On The Radar
Air taxis may not be transporting any passengers just yet, but a new report predicts that the global market will grow to just over $2.3 billion by 2027, representing a 19.6 percent compound annual growth rate over the next five years. According to the 143-page report, which was conducted by the research and consulting firm IMARC Group and published by Research and Markets, the global air taxi market was valued at $817.5 million in 2021.
The report forecasts that rising demand for more efficient transportation options, combined with increasing congestion of road vehicles and environmental concerns, will spur industry growth in the coming years. It also cites significant expansion in the aviation and transportation industries and new government initiatives focused on urban air mobility as key drivers for the air taxi market.
Rather than focusing on eVTOL aircraft, the most prominent design among air taxi developers, the report defines an air taxi as any “lightweight, energy-saving, and robust commercial airplane designed to travel shorter distances,” with operational capabilities that allow for takeoff and landing on shorter runways. “Moreover, it is operated via smaller local airports with less or no air traffic as they are relatively closer to passengers’ destination,” the report adds. “As a result, it is gaining immense traction around the world.”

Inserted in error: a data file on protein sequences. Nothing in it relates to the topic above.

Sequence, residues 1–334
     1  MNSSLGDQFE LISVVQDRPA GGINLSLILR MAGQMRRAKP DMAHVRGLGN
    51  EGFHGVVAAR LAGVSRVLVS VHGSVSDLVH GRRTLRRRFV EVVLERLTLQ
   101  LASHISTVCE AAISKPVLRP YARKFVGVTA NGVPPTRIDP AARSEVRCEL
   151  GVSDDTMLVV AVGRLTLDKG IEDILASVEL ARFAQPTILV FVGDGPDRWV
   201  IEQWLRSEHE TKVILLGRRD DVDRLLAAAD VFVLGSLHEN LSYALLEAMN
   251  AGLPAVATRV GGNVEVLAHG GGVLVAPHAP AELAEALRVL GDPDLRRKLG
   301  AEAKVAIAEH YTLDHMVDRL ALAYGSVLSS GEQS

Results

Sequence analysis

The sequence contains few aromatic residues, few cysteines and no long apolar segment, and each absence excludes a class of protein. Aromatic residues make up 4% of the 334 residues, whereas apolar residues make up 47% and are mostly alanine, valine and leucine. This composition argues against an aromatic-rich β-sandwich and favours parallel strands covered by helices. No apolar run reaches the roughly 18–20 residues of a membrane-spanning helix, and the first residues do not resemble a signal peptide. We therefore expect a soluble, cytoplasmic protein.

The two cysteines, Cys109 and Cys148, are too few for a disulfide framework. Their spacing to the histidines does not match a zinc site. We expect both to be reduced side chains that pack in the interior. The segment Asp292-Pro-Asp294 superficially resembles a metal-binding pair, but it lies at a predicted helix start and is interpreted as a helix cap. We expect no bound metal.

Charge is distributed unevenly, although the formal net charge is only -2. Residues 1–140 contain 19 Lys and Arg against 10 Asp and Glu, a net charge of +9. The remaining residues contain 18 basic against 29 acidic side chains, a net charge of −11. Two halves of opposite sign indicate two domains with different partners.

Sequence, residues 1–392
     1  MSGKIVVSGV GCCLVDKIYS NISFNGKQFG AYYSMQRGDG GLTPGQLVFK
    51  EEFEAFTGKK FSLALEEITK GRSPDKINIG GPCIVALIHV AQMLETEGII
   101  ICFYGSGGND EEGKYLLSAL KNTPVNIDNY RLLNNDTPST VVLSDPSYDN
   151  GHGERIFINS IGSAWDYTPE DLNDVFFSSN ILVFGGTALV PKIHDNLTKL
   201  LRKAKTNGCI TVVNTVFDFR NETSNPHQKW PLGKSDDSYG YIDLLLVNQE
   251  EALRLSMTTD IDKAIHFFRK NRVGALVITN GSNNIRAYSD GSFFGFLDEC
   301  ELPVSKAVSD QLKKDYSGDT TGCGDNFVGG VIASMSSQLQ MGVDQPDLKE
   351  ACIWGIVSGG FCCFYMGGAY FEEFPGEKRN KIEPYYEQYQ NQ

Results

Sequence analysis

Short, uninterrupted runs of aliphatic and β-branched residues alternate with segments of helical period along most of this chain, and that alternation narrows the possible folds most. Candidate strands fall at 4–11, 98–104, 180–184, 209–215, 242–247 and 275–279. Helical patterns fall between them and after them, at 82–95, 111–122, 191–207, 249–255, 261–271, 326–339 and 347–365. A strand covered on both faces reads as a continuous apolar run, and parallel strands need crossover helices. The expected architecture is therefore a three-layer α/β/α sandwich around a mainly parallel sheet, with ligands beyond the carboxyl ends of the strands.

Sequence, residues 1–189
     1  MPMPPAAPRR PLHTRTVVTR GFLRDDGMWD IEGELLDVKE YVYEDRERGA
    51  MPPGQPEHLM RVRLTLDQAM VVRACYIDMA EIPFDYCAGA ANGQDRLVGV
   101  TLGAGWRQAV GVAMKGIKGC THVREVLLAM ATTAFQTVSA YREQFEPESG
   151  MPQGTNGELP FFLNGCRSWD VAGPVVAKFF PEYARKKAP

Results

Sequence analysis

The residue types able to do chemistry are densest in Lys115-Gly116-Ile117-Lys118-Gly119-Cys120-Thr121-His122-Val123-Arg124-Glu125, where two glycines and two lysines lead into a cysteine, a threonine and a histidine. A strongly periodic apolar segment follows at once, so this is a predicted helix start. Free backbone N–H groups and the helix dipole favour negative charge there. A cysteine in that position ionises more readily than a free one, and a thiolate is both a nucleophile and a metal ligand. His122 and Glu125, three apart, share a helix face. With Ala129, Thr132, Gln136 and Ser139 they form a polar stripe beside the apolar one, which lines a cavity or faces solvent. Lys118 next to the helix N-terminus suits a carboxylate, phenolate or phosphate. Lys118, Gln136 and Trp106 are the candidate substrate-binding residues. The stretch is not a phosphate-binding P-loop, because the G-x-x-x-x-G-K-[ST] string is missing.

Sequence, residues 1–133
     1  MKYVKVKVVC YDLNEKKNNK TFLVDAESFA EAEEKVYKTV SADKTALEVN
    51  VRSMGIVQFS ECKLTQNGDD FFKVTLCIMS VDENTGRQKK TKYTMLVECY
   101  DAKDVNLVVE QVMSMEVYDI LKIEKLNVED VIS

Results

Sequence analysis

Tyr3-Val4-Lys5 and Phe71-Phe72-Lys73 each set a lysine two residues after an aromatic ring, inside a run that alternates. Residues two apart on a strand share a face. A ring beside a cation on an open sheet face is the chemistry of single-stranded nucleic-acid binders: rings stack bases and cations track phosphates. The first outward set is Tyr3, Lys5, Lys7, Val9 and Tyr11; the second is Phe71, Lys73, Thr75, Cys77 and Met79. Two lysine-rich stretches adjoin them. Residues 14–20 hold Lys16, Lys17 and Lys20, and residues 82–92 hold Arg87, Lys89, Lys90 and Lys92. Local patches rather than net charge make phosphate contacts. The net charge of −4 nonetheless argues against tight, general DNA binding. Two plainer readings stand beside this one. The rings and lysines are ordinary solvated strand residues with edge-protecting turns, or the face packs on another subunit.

The report offers an analysis of the various segments of the air taxi market and is broken up by propulsion type (electric, parallel hybrid, turboshaft, and turboelectric), aircraft type (multicopters and quadcopters), and passenger capacity, as well as the markets in different regions around the world. It also examines several of the key players and competitors in the air taxi industry, including companies that are developing air taxis as well as their major suppliers.
Research and Markets also provides an analysis of the impacts that the Covid-19 pandemic has had on the emerging air taxi market. For example, the pandemic has caused worldwide supply chain disruptions that are still ongoing. Shutdowns and stay-at-home orders also temporarily paused research and development activities, and the economic downturn during the pandemic resulted in some investment delays and cash shortages in the short term, according to the publisher.